Those who sought the heart of the library had to pass a granite statue. The Silent Woman stood a few feet inside the entrance to the Reading Room. The gray Silent Woman had been sculpted by a famous artist. Her bowed head was wrapped in a carven scarf. Her eyes were down and closed.
In a dim corner of the Reading Room I took off my winter coat and settled into a plush armchair. Wooden shelves heavy with gilt-lettered books enclosed the silence, like the walls of a cathedral. My seat faced one side of the Silent Woman.
I opened a book. For an hour I read. Then I shut the book. The dry pages seemed unimportant. Small voices from the nearby Children’s Room had tiptoed up to me.
I listened to the little voices.
Like a bubbling stream of soft, musical notes, the voices pattered and splashed and giggled. They chimed like crystal water cascading over stones. From the Children’s Room I heard glee, excitement, surprise . . . softly running feet . . . a sudden cry of delight. I heard the joy of eager spirits that refuse to sit.
I tried to understand the indistinct voices that swelled from a knowledge of life’s immediate fullness.
As I listened to the happy voices, I lifted my eyes to the Silent Woman.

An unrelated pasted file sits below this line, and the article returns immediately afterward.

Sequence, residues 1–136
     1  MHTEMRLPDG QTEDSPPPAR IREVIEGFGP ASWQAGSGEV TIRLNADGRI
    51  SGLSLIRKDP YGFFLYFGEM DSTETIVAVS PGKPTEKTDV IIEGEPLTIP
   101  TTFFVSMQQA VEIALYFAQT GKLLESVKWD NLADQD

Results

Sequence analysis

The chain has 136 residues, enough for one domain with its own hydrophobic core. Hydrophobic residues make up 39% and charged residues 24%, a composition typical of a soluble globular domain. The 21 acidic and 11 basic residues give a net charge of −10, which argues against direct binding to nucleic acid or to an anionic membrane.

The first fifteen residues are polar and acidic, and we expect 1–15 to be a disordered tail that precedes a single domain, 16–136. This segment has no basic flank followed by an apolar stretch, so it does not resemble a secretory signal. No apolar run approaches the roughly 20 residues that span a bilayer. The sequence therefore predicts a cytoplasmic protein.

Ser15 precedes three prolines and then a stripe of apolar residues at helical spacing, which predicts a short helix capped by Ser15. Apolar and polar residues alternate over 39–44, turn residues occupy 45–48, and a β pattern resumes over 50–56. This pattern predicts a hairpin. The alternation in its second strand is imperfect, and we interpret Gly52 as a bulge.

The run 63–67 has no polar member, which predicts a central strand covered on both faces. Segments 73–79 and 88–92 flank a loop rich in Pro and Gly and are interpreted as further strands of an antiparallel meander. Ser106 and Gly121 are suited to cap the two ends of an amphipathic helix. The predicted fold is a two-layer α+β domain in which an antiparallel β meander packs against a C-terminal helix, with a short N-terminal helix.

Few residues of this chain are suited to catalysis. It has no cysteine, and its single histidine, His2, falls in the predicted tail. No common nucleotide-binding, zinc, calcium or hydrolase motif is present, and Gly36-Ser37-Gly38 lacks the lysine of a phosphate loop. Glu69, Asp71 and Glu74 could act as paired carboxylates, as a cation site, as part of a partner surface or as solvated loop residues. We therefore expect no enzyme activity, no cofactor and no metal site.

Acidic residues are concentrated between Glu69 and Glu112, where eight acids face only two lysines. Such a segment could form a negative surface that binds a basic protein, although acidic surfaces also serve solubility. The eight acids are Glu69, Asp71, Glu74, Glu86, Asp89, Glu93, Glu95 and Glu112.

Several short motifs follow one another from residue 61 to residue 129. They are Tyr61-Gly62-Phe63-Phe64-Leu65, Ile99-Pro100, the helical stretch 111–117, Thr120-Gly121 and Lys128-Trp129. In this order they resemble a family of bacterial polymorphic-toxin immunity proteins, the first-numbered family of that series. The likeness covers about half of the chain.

Her head was bowed. Her eyes were closed.
She seemed to be waiting.
I’m not exactly sure why I spent Sunday mornings sitting on a cold bench near that monument. It seemed a suitable place to read a book. I suppose my attraction to the place had something to do with words engraved in marble. A feeling of permanence.
Those mornings I wasn’t the only one drawn to the park. Rested and ready, fresh out of nearby hotels, tourists hurried past beds of flowers in order to conquer the city.
The shining monument, in the shape of an erect, pointed obelisk, was so conspicuous that eager eyes couldn’t possibly miss it.
Legs inevitably turned. Feet halted by the solemn black plaque at the obelisk’s base. Selfie sticks rose. Satisfied poses were effected.
If I really wanted to hurt myself, I lowered my book and opened my mouth to play a simple game. “Do you know why that monument is there?” I asked.
Most couldn’t say.
Book burning didn’t destroy every book.
Voice recognition did.
Printed words vanished.
The only beings that processed code were the polite, speaking machines.
People still spoke, of course. And viewed pictures. But the pictures were always in kaleidescope motion. Exact words were unnecessary.
Spelling was forgotten. Grammar was forgotten. Structured truth was forgotten. That made life easier.
. . .
Tracy took a wrong turn because a machine had catastrophically failed. Walking a great distance was strange enough, but now she was walking where no flesh-and-blood legs walked. The city’s Forgotten Zone.
Even the machines disregarded this place, she observed. She slowly turned her head, looking about. The deserted streets were lined with broken windows, broken doors.
Above one broken window hung a broken sign. The remaining word: LIFE.
What’s that for? Tracy wondered, staring at the old sign with blinking eyes.
. . .
Fortunately, a functioning machine soon located Tracy and retrieved her, returning her to her proper place.
“Thanks,” was spoken.
“You’re welcome,” replied the polite machine.